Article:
The field of science communication is highly varied, so don’t be afraid to find what works for you, says the panel of experts in science communication at the 2015 Naturejobs Career Expo in London.
Guest contributor Catherine Seed
Science communication is rapidly becoming a core requirement for scientists, and has long been a highly sought-after career in its own right.
There is a huge breadth and diversity in the field of science communication, agreed the panel members, yet the use of ‘science communication’ as an umbrella term often obscures this variety. Panellists agreed that the key to developing a successful science communication career is in finding how you prefer to communicate, and determining which avenues of communication match your style. With options ranging from news reporting to working for academic institutions or societies, or in simply starting your own blog, the options are countless. The process, they said, requires much experimentation; test different forms of communication to discover what works best for you.
The objectives of organisations shape the form of communication that they use, said Robert Dawson, head of news at the BBSRC. He stressed the importance of familiarising yourself with different media outlets, universities, research institutions, and companies and their communication style. In his own role, he communicates to scientists, journalists and other members of the media. “Science PR is about balancing the need to encourage the public to be enthusiastic about your organisation and about science, with the need to produce accurate and balanced coverage,” he said.
Panellists pointed out that the audiences for science communication vary broadly, ranging from the public to industry to government to the non-profit sector. Anke Sparmann, an associate editor at Nature Structural and Molecular Biology, reminded the audience to not overlook the fact that scientists are among the biggest consumers of science news and information, and that a communications role at an academic journal can help one to maintain a connection to science.
In this field, one’s audience determines the medium, style and format in which you communicate, and that is likely to shift often. “As scientists we live in a world where it is actually more like 250 shades of grey rather than 50 shades of grey,” said Belinda Quick, the head of nutritional affairs EU at Mondelēz International in London. “Part of the job is taking really, really complex ideas and simplifying them down so that the meaning and the scientific integrity are maintained, but your audience actually understands what you are saying.”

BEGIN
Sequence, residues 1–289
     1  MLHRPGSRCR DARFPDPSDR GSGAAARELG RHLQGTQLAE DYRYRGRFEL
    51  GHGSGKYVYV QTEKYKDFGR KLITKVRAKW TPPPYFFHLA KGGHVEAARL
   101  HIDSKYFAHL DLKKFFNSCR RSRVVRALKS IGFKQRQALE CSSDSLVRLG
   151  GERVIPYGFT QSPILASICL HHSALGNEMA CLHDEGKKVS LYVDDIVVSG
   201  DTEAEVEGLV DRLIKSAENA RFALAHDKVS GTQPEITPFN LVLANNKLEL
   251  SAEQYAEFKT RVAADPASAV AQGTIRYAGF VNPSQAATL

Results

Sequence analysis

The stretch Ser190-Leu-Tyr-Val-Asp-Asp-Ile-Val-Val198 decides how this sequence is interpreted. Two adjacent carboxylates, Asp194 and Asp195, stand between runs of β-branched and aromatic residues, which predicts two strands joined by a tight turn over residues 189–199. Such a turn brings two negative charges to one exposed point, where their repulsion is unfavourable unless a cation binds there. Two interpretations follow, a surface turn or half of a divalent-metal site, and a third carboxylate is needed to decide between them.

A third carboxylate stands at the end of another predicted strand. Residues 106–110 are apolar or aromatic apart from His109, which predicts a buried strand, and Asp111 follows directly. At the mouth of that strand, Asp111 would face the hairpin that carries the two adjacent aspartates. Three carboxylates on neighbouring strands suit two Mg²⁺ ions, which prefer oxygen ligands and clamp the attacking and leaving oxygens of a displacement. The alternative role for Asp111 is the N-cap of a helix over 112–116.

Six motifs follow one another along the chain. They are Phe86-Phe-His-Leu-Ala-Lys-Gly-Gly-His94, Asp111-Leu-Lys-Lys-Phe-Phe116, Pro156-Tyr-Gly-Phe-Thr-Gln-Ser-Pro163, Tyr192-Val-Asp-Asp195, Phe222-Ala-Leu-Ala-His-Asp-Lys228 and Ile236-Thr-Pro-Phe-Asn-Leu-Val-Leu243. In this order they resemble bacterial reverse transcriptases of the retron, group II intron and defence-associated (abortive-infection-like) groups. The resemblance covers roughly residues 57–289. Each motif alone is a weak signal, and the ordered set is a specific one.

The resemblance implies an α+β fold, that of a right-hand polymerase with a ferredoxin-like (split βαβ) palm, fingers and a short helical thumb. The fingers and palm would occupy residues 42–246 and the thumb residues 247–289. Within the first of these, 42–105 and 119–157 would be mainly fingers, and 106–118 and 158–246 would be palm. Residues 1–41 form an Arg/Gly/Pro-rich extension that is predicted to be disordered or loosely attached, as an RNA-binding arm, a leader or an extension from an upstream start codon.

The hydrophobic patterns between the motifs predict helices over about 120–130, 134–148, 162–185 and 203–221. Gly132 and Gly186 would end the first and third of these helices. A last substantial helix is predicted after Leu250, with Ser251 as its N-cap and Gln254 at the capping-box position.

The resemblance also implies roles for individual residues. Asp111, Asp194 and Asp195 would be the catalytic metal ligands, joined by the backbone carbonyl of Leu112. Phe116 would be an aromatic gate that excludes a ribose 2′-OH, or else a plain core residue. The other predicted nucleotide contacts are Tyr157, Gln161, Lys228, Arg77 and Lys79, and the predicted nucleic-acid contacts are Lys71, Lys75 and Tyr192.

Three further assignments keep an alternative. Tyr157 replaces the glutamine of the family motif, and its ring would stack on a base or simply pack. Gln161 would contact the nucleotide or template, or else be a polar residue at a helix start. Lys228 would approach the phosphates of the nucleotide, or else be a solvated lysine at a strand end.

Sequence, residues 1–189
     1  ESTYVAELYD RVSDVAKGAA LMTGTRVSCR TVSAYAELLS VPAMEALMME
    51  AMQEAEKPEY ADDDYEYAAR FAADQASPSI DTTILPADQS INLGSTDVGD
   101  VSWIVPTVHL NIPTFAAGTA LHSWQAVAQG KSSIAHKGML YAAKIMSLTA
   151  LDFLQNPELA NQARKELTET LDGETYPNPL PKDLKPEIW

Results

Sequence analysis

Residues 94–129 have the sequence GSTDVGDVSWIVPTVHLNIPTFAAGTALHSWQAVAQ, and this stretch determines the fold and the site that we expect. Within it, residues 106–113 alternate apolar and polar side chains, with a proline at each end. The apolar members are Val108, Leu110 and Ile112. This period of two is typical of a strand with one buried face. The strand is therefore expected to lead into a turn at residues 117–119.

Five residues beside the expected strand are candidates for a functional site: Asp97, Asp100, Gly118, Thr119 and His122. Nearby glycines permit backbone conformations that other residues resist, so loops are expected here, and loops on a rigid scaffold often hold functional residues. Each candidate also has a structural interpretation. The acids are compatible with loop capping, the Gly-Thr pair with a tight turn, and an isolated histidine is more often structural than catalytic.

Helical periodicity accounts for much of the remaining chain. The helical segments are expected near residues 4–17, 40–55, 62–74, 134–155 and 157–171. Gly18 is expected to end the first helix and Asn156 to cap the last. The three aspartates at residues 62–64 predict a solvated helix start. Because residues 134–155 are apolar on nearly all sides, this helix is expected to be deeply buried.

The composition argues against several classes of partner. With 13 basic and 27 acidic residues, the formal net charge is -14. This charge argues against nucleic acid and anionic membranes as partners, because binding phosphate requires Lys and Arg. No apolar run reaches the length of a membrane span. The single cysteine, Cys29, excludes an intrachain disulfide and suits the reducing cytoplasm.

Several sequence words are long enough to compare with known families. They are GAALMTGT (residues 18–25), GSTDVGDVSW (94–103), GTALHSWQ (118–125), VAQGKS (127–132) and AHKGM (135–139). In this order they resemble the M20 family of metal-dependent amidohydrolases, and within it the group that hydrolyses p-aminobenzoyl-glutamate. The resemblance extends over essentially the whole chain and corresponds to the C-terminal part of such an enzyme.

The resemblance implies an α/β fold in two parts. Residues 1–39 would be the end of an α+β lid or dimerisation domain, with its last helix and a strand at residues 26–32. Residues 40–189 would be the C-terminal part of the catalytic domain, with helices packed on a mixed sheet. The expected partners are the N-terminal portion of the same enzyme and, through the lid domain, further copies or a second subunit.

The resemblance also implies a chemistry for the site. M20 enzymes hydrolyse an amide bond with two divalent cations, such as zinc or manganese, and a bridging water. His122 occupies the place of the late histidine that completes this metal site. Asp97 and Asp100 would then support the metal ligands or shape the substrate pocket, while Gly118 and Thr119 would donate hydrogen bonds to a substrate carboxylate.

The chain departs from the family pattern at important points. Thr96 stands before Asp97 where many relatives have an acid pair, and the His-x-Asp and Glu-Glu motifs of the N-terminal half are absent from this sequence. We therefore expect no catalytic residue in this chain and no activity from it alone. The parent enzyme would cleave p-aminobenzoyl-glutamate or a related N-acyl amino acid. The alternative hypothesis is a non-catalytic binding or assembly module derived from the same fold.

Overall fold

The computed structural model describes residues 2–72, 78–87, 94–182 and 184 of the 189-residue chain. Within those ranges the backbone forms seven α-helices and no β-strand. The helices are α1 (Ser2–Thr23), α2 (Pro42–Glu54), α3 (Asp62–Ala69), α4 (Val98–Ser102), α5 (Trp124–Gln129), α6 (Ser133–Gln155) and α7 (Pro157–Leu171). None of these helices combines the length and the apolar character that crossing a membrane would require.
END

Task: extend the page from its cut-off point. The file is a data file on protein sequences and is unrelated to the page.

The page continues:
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You can start training in the field whilst still in your PhD programme. Catherine Ball, policy analyst for the House of Lords Science and Technology Select Committee, acknowledged that the idea of developing communication skills may seem daunting, but said that many of the skills we develop during the process of earning a PhD — especially resilience and the ability to overcome obstacles – have applications in communication. She encouraged students to seize the opportunities around them. “Get involved in writing for student newspapers, working for learned societies and writing blogs,” she advised. Other speakers recommended joining scientific associations, and to be aware of resources available to communicators, such as the mailing list PSCI-COM, which posts advice and job opportunities in science communication, and STEMPRA, a network for STEM communication and PR professionals, membership to which provides access to networks of communicators as well as training opportunities. The panel highlighted that online resources can be a valuable source of advice, opportunities and connections across different forms of science communication.
Finding your role is an active process.
If you want to work in science communications, you must practice and develop communication skills. Dawson, who has trained more than 250 scientists in media skills, encouraged those who hope to enter the field to actively develop their skills by ensuring that they “actually vocalize it…say it to your friends, say it to your family, let them question it.” Sparmann added that aspiring science communicators must seek and recognize opportunities and not allow fear to get in the way of applying for positions.
“You are never going to get anywhere if you don’t try doing the things you feel uncomfortable with,” said Quick. “If you are feeling uncomfortable then you are heading in the right direction.” Audience members agreed. “It gives us a little push in the back to start practising,” said Gala Classen, a PhD student at Freie Universität Berlin.